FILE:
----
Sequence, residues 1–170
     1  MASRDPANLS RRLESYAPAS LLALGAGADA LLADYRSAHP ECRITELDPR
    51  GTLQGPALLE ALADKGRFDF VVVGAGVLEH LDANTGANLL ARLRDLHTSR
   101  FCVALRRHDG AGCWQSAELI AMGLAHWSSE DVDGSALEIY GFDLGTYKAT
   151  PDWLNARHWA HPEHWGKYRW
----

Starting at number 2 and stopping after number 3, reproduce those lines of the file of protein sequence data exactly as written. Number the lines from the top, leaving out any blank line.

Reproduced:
     1  MASRDPANLS RRLESYAPAS LLALGAGADA LLADYRSAHP ECRITELDPR
    51  GTLQGPALLE ALADKGRFDF VVVGAGVLEH LDANTGANLL ARLRDLHTSR